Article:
Music: In the bleak midwinter: Stephen Johnson spent Christmas chilling out in front of the television
Thursday 30 December 1993
For Christmas Day evening there was New York Metropolitan Opera's all-star, made-for- television version of Puccini's La Fanciulla del West, leading name Placido Domingo, and before that, the truly horrendous Christmas with Luciano Pavarotti. Filmed, as far as I could tell, through a heavy brown filter, this mish-mash of souped-up carols and weepy yuletide classics did not bring out the best in the great man. He looked uncomfortable, frequently glancing down at his music as though in need of moral support, and the performances seemed to bear this out - not a great deal of warmth, and the odd hint of strain.
The direction was startlingly unimaginative - Notre Dame, Montreal, doesn't look like a terrifically exciting building, but the camera could at least have tried to make something of it. Still worse was the recording: microphone positioning apparently based on the 'distance lends enchantment' principle. It didn't. Even the most easily pleased Pavarotti fans must have felt a tad disappointed.
Technical standards in the great BBC Radio offering - the Festival of Nine Lessons and Carols (broadcast this year on Radios 3, 4 and 5) - were better in every respect. The recording approach was again respectfully distant, but the choir itself and the King's College Chapel atmosphere were well-caught. This year the programme was wide-ranging: Sarum chant and Palestrina to Diana Burrell and Judith Weir, with enough of the familiar favourites in between. And the King's College Choir itself remains a Rolls-Royce among modern choral groups. But I wonder how many people actually sat and listened to it, as opposed to using it as background to turkey-eating, present-opening and the ritual drive to the relatives?
Those few who did may have felt, as I did, that even in an overheated living room it is a distinctly chilly experience. The froideur of the lesson-readers is, of course, traditional and entirely expected. But the singing was rarely more than coldly beautiful. Whether it was medieval high church or Polish folk, the austere eloquence of a Bach chorale or the intimate tenderness of Herbert Howells' A Spotless Rose the style was the same: clean, shapely and expressively uptight. Our Anglican choral tradition is a treasure that needs to be defended against the rising horrors of evangelical happy-clappydom, but it could lose a degree or two of frost.
Refreshment came elsewhere - two BBC 2 offerings in fact. The unlikely teaming of the Spitting Image team, Theatre de Complicite and Claudio Abbado produced a very likeable version of Prokofiev's Peter and the Wolf (26 December), the story told by the voice of Sting and his rubber alter ego. It was perhaps a little over-stuffed with ideas, but the scenery and the puppets were wonderful - especially the be- robed ballerina-superstar Cat and the stunningly malevolent Wolf. The other items - scenarios based around Prokofiev's Overture on Hebrew Themes and Classical Symphony - felt a little like filling after this, though again there were vivid ideas, and enough matching of sounds to instruments to keep educationally inclined parents happy.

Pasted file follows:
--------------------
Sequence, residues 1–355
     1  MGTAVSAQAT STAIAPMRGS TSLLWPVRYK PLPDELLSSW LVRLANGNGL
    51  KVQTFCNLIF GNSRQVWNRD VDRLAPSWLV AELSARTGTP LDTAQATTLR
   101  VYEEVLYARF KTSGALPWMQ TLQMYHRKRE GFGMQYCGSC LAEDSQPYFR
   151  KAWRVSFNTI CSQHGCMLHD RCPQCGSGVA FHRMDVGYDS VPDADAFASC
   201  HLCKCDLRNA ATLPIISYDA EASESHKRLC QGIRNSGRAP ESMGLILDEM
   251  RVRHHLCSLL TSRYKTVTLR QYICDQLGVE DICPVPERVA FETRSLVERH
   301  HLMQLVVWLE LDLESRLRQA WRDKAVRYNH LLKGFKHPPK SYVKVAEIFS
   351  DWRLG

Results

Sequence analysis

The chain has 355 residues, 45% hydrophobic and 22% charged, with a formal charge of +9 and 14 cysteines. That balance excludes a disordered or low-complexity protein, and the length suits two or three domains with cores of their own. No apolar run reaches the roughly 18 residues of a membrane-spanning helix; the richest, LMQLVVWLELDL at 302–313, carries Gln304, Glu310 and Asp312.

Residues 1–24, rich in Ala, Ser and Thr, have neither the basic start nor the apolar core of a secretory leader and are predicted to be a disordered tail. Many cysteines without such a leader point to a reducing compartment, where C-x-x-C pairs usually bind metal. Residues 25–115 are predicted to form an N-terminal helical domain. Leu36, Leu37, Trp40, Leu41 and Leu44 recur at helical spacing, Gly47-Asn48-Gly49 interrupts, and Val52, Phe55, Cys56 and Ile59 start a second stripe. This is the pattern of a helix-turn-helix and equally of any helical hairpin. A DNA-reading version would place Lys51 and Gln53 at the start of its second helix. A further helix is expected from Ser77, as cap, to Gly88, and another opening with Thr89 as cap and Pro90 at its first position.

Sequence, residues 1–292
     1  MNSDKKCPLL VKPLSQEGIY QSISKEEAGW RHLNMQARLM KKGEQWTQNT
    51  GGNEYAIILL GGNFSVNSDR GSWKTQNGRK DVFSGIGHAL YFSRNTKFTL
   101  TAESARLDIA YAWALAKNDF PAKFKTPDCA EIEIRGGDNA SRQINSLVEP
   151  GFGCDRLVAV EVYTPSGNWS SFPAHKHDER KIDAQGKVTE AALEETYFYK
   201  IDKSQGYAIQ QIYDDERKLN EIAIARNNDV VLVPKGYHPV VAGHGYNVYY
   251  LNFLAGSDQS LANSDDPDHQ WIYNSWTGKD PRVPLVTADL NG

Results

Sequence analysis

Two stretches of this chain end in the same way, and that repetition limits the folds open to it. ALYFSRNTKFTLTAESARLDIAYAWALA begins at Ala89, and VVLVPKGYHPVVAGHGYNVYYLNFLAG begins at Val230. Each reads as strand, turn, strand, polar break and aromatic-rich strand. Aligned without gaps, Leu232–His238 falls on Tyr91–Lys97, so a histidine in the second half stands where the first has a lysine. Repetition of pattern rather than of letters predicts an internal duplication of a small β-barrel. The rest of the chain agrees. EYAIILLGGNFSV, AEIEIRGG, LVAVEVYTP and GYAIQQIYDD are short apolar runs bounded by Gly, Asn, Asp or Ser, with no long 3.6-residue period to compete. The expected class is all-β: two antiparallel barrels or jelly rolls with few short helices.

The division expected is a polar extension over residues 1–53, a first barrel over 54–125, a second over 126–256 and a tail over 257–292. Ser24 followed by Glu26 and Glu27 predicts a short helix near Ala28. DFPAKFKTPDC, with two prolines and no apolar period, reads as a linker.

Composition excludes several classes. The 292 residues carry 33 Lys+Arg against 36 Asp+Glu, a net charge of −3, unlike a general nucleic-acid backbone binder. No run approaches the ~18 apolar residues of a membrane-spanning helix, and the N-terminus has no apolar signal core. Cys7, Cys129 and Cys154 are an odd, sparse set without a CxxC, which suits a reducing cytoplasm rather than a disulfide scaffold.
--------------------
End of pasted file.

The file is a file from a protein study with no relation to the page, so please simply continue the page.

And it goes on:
The 10-minute opera Cinderella or the Vindication of Sloth (also 26 December), by the late Stephen Oliver, was delightfully filmed and wittily composed, and there was a neat sting in the tail: it is Cinderella's sloth which saves her from conflagration at the ball, and which, as she points out, prevents her from falling for other, worse temptations - a possible vindication of the modern Christmas?
Geoffrey Macnab reviews American Hustle, also starring Christian Bale and Bradley Cooper
elephant appealThe first 23 lots in our charity auction have now gone. But there are 22 more still up for grabs
newsFormer soldier taped 33 of the animals to the floor and then stamped on them one by one
Michelle Nijhuis' daughter insists (s)he is, and she learnt a valuable lesson on gender in books
news Opponents claim it would stop performers such as Beyonce and Madonna appearing on TV
It takes a platoon of chefs, litres of brandy and rum, and almost 100kg of dried fruit
newsThat most ancient of crimes is on the rise, threatening farmers' livelihoods, community trust – and human health
food + drink
sportIf you thought the London Olympics and Wiggins' Tour glory made last year best, don't forget Murray's Wimbledon win and Farah's double
Arts & Ents blogs
Exclusive: Young people ‘want UK to stay in Europe’: Four in 10 adults aged 18 to 24 are ‘firmly in favour’ of membership, poll shows
Tom Daley ‘is gay because his father died’ says UK evangelist
Iain Duncan Smith leaves Commons food banks debate early
Kiss and yell: Italian protester charged with sexual assault after kissing riot police officer
PM denies two child limit for benefits is part of Tory welfare policy
Anachronistic and iniquitous, grammar schools are a blot on the British education system
- 1 America's 'virgin births'? One in 200 mothers 'became pregnant without having sex'
- 2 Sun will 'flip upside down' within weeks, says Nasa
- 3 Christmas comes early: Justin Bieber is 'retiring from music'
- 4 Iain Duncan Smith leaves Commons food banks debate early
- 5 Children evacuated from swimming pool after prosthetic leg mistaken for paedophile
- < Previous
- Next >